- Take 50 photocopies of your best 1-2 papers to conferences, and leave them on the brochure desk as a handout.
- Maintain your publication list on your home page. Make an attractive homepage that is clear about what you are working on.
- Conference papers do not get ISI citation counts. So the trick is to ensure that after a conference you take that paper, correct it, extend it, and submit it to a journal. Use the feedback you got in the conference to guide you how to improve that paper. A great way to get feedback is to present a poster and try to engage as many people as possible. Always build on every conference paper to form a journal paper.
- When there is an international visitor to the lab who is working in your area, I will usually ask you to do "Show & Tell" on the work you are doing. This is also a good opportunity to swap references, and give the visitor printouts of your best papers.
- If you get a really cute or exciting result, a good approach is to publish a short journal letter first to disseminate the result quickly. Then publish a longer journal article with the full details shortly after. The idea is that the letter version benefits the scientific community by getting out quickly. The community can then build on the idea as early as possible.
- Always submit your papers preferentially to high impact factor journals.
- When your paper is finally published, individually email the pdf to selected collaborators and contacts that you have met at conferences etc.
- Make sure your thesis contains good Appendices with clear details on what you have done and how to run your Matlab code etc. Properly comment your code so that others can understand it. This is the way for you to create a legacy for new PhD students to build on your work, extend it, and gratefully cite you.
The Correct Attitude
- So when you leave, make sure everything is set up for someone else to easily continue where you left off. Stay in email contact, and help a new PhD student who has questions about your stuff. Be patient with them as you were once a PhD too. You may even find yourself co-authoring with new PhD students via email collaboration, after you have left. That also builds your future citation rate.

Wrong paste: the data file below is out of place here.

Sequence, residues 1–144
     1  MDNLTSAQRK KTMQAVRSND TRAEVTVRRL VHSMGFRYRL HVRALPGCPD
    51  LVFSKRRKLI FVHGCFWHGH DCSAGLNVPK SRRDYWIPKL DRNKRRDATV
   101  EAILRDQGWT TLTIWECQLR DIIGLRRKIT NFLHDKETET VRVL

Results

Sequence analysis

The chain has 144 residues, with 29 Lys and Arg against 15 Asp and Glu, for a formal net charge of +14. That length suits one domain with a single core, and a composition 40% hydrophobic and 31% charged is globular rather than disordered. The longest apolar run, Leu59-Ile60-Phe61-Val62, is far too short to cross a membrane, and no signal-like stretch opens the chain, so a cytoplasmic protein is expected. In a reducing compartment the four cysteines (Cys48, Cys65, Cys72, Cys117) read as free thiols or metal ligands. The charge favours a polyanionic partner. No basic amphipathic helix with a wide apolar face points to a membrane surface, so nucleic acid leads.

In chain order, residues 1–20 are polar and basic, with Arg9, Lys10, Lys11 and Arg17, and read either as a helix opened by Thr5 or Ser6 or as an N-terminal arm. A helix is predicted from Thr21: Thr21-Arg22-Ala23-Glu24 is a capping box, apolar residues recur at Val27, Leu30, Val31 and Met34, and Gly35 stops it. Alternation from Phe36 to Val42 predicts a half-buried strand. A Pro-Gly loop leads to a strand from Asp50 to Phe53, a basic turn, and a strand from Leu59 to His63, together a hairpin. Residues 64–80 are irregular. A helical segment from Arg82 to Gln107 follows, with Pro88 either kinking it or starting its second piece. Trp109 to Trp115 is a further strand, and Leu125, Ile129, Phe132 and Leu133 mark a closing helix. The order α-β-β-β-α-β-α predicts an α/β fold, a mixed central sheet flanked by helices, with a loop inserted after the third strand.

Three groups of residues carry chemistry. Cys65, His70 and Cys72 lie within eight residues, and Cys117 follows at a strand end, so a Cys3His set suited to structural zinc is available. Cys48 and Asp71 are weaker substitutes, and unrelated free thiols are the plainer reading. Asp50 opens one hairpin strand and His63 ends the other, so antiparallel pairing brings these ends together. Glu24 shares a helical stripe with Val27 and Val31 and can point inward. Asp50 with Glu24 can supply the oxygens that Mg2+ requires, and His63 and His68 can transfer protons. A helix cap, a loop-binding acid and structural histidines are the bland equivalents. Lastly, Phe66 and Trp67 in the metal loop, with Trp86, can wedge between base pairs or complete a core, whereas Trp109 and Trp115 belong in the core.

- Remember: "You can hold more sand in an open palm than a clenched fist." Some supervisors are into keeping results secret, patenting things, and not openly sharing ideas, code, and data. As you can see this is not my philosophy at all. I am into the "open palm" approach, as I believe in keeping everything flowing. If you do not share this philosophy, then you are free to leave now and find another supervisor.
- Research knowledge is like manure. If manure is widely distributed is feeds the plants that grow. If the manure is locked up in a shed it smells.
- Some graduated PhD students do not pass on their stuff to new PhD students because they are 'embarrassed' that a mistake might be later found in their work. This is not the correct attitude. A famous case is that of Claude Shannon: half his thesis was totally wrong and half of it was brilliant, creating the field of information theory. It is the good parts we remember him for. If we find a significant mistake in your work in the future, we will turn it into a positive and write a paper that corrects the result and invite you to coauthor (provided we know how to contact you).
- Finally, the biggest secret is to treat the whole thing like a game. Don't take yourself too seriously. Foremost, you should be having fun with it all. Hang loose. If you are stiff and take yourself too seriously, it makes your papers boring and no one will read them.
- It is possible you may be lucky to enough get a great citation rate by ignoring my above advice. But if you had followed the above advice, your rate would have been even larger.
- "Claude Elwood Shannon: collected papers," Eds., N. J. A. Sloane and A. D. Wyner, IEEE Press, New York, 1993.